Just one look at the cast list of Assassin’s Creed — including Oscar winners Marion Cotillard and Jeremy Irons, recent Oscar nominees Michael Fassbender and Charlotte Rampling, not to mention brilliant actors like Brendan Gleeson — and you would think that at the very least we have a quality art film on our hands. Uh, no. Instead, we have Hollywood’s latest attempt to lure gamers back into theaters, an often head-scratching hodgepodge that, as I say in my video review above, is really just a Matrix wannabe. Yes, I will confess I have no idea what its video game inspiration is all about — never played it, never will — but I do have to say that strong production values and a couple of spectacular-looking set pieces make Assassin’s Creed more watchable than I had been anticipating based on the incoherent trailers.
To say it is marginally better than last summer’s abominable Warcraft is faint praise, though, and it is clearly made for the less demanding, action-driven international market.
The filmmakers, led by director Justin Kurzel, clearly hope they have a franchise on their hands because the ending certainly sets us up for one. But let’s talk about the beginning, which takes us to 1492 Spain, in the heart of the Inquisition, where we are introduced to “Assassins” involved in some murky goings-on that we aren’t quite sure about — yet. Cut to modern times, first in the ’80s where we meet Callum Lynch as a boy, but more importantly later in 2016 where Cal (Fassbender) is in prison and quickly executed. Or was he?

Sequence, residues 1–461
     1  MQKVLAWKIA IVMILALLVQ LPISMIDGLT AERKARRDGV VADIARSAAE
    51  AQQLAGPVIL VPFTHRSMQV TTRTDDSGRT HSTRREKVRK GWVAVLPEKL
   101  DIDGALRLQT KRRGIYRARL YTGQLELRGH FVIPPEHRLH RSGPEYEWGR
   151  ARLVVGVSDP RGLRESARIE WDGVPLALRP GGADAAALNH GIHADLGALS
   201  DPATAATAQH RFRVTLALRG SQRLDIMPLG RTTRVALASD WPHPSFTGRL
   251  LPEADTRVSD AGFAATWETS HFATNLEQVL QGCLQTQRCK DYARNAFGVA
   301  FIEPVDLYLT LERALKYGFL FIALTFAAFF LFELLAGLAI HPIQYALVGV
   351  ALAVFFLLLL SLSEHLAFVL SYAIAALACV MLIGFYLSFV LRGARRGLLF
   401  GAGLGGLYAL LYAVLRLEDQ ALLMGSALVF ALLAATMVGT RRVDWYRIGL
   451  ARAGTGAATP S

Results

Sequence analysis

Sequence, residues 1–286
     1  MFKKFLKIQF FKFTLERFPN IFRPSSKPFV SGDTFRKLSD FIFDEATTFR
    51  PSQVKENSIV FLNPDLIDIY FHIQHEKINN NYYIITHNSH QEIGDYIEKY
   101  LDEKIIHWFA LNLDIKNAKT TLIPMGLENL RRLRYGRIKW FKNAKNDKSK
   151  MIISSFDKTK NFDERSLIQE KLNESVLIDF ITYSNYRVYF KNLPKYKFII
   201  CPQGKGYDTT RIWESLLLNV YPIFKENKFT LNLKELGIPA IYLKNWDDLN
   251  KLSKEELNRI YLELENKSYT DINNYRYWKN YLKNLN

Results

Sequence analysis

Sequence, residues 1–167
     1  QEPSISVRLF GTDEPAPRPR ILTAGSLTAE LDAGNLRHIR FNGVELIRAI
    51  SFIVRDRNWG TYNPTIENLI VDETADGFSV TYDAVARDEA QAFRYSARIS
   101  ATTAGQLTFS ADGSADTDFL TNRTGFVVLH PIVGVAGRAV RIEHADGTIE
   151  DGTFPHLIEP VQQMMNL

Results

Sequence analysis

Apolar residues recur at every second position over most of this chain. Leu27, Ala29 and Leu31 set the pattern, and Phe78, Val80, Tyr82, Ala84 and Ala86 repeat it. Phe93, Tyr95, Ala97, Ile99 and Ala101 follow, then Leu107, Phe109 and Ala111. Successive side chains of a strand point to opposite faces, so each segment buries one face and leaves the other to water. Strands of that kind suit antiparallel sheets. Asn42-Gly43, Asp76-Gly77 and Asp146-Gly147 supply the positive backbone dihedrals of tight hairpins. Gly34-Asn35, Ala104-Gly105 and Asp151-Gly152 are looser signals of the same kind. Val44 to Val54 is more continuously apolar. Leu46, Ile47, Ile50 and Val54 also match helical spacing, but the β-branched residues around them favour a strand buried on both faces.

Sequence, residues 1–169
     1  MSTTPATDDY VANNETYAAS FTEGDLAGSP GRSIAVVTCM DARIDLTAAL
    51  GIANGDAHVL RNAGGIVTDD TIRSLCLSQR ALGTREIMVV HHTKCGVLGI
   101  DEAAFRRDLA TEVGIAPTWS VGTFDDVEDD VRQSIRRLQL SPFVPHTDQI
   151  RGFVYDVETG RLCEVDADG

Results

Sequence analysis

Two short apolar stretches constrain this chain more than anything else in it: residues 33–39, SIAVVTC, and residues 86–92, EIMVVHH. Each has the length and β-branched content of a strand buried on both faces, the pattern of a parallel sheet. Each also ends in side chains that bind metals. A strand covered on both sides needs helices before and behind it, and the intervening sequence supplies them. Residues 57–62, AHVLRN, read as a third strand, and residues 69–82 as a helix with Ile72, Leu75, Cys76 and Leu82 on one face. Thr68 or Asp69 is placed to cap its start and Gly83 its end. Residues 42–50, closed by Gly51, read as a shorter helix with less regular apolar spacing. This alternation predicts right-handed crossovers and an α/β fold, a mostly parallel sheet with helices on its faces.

Cut to Abstergo Industries, the science company run by Alan Rikkin (Irons) and his daughter Sophia (Cotillard), who is seen hovering over a now-alive Cal. She explains he is needed, due to his own ancestry apparently, to shift back in time to 15th century Spain to inhabit and morph into the mind and body of an Assassin, the last known holder of the Apple Of Eden, a device that can possibly change the world — or so Rikkin thinks. They have concocted this time-travel device harness that enables Cal to leap through the air (a la Matrix) and eventually straight into jolly-old Spain circa Christopher Columbus era. This he does and immediately becomes engaged in one battle after another, including a very impressive sequence that sees him and several others leaping from building to building, a scene shot with great dexterity under Kurzel’s direction. This is far more interesting than the humdrum training sessions that a frequently shirtless Fassbender is constantly put through over at Abstergo.
Of course the plot thickens, as does the thuddingly bad dialogue, and Irons gets more demonic in his quest for the Apple. How ironic it is that Fassbender, after just playing Steve Jobs so effectively, is thrust into another film where an Apple figures so prominently?
What saddened me watching all of this go down is that a superior cast is wasted in pure hokum, though I am happy they are getting a nice paycheck so maybe they can afford take a cut on more challenging material next time. Fassbender, also a producer, has real movie star chops and effortlessly acts and looks the part that for whatever reason keeps requiring him to remove his shirt. Cotillard has a weird haircut this time around. Both of them were more effective in Kurzel’s Macbeth, but that movie wasn’t much either, although it cost considerably less. Irons is always a welcome presence, even in a one-dimensional villainy role like this. Rampling and Gleeson are marginally used but mercifully — for them — are in and out quickly.
Producers of the 20th Century Fox/New Regency release are Jean-Julien Baronnet, Gerard Guillemot, Frank Marshall, Patrick Crowley, Conor McCaughan, Arnon Milchan and Fassbender. It opens today. (I caught it at the Tuesday night previews with a real crowd who watched it like zombies and filed out with no buzz once the end credits hit.)
Do you plan to see Assassin’s Creed? Let us know what you think.